Like Garry Kasparov, who is in Linares for (deep sigh) the fourteenth time. It is normally not wise to try and fraternize while he is in leave-me-alone I'm-working" mode. But this time he was quite accessible. Our conversation: So how are you feeling, Garry? Like an old man, Fred, trying to keep up with these energetic young Turks. Wry smile. This 42-year old is brimming with creative (and aggressive) energy, making everyone else look octogenarian.

The first round we saw live in Linares was dominated by the game Michael Adams vs Garry Kasparov. In the past Adams has caused this opponent some problems with the white pieces, and that's exactly what seemed to be happening in round 12. As usual his Russian opponent scorned the Petroff and went for a super-sharp Sicilian, and with Kasparov's king under heavy attack most people in the press room expected a first defeat for the leader.

Adams,Mi (2741) - Kasparov,G (2804) [B90]
XXII SuperGM Linares ESP (12), 08.03.2005
1.e4 c5 2.Nf3 d6 3.d4 cxd4 4.Nxd4 Nf6 5.Nc3 a6 6.Be3 e6 7.Be2 Qc7 8.Qd2 b5 9.a3 Bb7 10.f3 Nc6 11.0-0-0 b4 12.axb4 Nxb4 13.g4 Be7 14.g5 Nd7 15.h4 Nc5 16.Kb1 Rb8 17.h5.

With all the white kingside pawns advancing, and all the white pieces poised for a mating attack there, what does Kasparov play. To cat-calls in the press center: 17...0-0. Here Adams must have felt a big surge of adrenalin, forcing him to go into full attack mode. 18.g6 Bf6 19.Rdg1 Ba8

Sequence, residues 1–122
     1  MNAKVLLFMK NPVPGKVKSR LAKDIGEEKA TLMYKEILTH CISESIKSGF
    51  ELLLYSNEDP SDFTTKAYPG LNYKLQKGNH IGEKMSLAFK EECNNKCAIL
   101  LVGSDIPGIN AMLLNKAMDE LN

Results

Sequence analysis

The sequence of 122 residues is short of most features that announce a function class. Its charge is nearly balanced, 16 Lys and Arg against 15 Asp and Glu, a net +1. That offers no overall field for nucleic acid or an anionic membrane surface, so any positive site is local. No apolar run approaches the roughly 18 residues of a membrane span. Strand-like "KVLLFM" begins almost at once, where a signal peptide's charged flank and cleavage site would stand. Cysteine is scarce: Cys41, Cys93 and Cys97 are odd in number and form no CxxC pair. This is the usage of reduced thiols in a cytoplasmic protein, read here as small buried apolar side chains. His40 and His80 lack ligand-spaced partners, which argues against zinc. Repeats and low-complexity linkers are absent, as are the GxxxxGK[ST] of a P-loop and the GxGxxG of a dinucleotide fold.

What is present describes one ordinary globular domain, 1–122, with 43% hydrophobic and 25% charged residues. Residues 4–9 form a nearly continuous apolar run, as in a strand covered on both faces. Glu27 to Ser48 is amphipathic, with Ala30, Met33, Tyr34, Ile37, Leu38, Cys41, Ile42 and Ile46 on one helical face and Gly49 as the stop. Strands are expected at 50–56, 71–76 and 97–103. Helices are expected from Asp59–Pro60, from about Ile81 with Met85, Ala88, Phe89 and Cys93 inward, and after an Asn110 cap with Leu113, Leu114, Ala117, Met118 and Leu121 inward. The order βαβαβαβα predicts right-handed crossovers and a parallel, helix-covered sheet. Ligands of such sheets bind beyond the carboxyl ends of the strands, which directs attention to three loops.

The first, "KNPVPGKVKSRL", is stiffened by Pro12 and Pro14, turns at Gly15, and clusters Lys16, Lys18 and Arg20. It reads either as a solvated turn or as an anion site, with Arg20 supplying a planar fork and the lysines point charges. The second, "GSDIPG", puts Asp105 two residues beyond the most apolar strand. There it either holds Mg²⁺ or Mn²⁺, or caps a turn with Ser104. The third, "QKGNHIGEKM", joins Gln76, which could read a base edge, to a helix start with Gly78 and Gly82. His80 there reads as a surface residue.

How would you feel as Black? What would your expectations be if you had the white pieces? Afterwards Kasparov explained that it was important in such games that your opponent got the feeling that he was winning. To make sure that he would keep on the attack and not look for a draw. To give him ample opportunity to go astray. And that's exactly what happened to Adams, most likely on the next move: 20.Bg5 (?). Ladies and gentlemen, switch on your chess engines and check out the lines that Kasparov and Adams tossed at each other during the post mortem, at a speed which only people who live above the 2700 climatic zone can follow. 20...Be5 21.gxh7+ Kxh7 22.Nb3? This was a genuine blunder which quickly ended the game.

22...Nxc2. First suggested by Ljubomir Ljubojevic in the press room, and soon confirmed by Fritz. 23.Nxc5 Na3+ 24.Ka2 Qxc5 25.Na4? Fatal, but the position is lost anyway. 25...Nc2 26.Kb1 Qa3 0-1.